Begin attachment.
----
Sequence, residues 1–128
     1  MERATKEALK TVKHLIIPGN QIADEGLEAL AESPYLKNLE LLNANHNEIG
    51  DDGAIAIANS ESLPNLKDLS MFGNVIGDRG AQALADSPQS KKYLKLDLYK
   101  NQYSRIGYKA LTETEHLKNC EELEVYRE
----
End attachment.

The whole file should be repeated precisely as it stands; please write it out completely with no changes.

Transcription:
Sequence, residues 1–128
     1  MERATKEALK TVKHLIIPGN QIADEGLEAL AESPYLKNLE LLNANHNEIG
    51  DDGAIAIANS ESLPNLKDLS MFGNVIGDRG AQALADSPQS KKYLKLDLYK
   101  NQYSRIGYKA LTETEHLKNC EELEVYRE